The document statement is “we continue to support these policy measures, which cut energy bills, increase energy security, reduce emissions and help customers make informed choices, and we will keep step with equivalent standards wherever possible and appropriate, or even exceed them where it is in the UK’s interest to do so. This may include products not yet covered by European legislation, such as smart appliances”. 

(4) Re Non-energy and climate EU frameworks and policies which affect the UK, such as the Common Agricultural Policy. 

The document statement is “for instance, we will take the opportunity of leaving the Common Agricultural Policy to address climate change more directly by designing a new system to support the future of farming and the countryside, with a strong focus on delivering better environmental outcomes, including tackling climate change”.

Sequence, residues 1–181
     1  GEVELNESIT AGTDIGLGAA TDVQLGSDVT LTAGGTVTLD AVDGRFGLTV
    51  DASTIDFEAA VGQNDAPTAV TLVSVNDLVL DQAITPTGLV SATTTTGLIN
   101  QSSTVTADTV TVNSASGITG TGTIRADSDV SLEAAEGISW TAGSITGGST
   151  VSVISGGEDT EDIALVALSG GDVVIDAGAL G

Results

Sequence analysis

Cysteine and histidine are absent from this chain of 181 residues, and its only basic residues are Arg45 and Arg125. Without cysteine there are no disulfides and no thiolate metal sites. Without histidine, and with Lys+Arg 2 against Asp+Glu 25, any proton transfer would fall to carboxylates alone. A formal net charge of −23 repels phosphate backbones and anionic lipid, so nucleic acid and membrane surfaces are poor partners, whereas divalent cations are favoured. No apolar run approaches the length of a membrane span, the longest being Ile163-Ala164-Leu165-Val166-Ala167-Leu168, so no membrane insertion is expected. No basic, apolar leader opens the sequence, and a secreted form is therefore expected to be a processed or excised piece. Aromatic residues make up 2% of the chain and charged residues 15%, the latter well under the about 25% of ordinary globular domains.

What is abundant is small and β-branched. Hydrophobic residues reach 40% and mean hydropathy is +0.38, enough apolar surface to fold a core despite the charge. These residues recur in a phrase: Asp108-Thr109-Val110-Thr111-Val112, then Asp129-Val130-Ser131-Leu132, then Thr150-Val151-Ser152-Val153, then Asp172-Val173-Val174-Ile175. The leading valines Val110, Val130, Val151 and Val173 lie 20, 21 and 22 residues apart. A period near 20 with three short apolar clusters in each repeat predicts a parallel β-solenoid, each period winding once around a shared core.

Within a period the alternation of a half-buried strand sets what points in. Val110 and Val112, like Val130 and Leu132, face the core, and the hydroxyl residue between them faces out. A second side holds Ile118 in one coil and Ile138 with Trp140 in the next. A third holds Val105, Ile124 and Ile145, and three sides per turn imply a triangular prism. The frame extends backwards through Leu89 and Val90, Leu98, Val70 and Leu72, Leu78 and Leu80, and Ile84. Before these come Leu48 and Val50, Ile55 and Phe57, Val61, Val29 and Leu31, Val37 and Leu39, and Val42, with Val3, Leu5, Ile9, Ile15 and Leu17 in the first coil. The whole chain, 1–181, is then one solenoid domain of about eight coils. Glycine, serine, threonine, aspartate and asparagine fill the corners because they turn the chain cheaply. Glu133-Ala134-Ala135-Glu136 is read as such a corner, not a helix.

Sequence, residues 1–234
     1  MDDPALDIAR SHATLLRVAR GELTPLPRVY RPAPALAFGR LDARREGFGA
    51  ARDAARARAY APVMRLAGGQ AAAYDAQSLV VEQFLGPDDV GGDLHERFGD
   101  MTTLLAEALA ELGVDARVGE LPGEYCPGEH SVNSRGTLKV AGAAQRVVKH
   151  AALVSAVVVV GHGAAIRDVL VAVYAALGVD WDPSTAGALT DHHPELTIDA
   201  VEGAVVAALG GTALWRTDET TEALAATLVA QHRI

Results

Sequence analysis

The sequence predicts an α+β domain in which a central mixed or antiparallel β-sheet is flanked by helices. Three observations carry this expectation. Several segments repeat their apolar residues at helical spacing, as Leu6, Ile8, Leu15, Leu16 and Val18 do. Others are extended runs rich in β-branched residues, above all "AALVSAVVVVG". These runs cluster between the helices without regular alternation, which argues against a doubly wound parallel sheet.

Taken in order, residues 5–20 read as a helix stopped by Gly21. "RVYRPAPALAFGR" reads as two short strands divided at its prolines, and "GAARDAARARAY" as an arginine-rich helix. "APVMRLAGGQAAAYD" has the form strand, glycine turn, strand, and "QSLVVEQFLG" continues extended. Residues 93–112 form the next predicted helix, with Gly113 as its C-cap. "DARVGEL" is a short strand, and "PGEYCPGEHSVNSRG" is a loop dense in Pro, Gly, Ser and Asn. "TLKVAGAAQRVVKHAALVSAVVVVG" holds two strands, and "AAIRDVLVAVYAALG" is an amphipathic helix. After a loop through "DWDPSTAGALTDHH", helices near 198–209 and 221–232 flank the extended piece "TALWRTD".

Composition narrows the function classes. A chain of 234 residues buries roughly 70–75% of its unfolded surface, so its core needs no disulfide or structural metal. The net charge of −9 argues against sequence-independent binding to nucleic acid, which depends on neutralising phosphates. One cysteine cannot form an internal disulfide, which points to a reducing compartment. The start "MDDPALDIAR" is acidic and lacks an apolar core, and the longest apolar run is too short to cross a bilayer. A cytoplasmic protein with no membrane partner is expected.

Note : the proposal is to work with the British Standards Institution (BSI) to develop a set of voluntary green and sustainable finance management standards to promote responsible investment practices globally. The BSI will have completed the necessary standards scoping exercises and have the first standard in production by the first half of 2018.

Note : the document states the Government will put in place a “simpler, more ambitious and long-term policy and regulatory framework“, to –

(A) “make it easier for businesses to identify where they can save energy by simplifying the energy and carbon reporting framework” (this will entail changes to local law – please follow this Blog – when the law changes occur – please look out for Email Alerts)

(B) “ensure that those who lease premises to businesses, including in the service sector, continue to refurbish and improve the performance of their buildings. In parallel, all new commercial and industrial buildings should be more energy efficient”.

(C) “help to understand how we can encourage greater investment in energy efficiency measures and technologies, including establishing an Industrial Energy Efficiency scheme to help large companies install measures to cut their energy use, and working with the financial sector to identify how such measures can be taken forward”.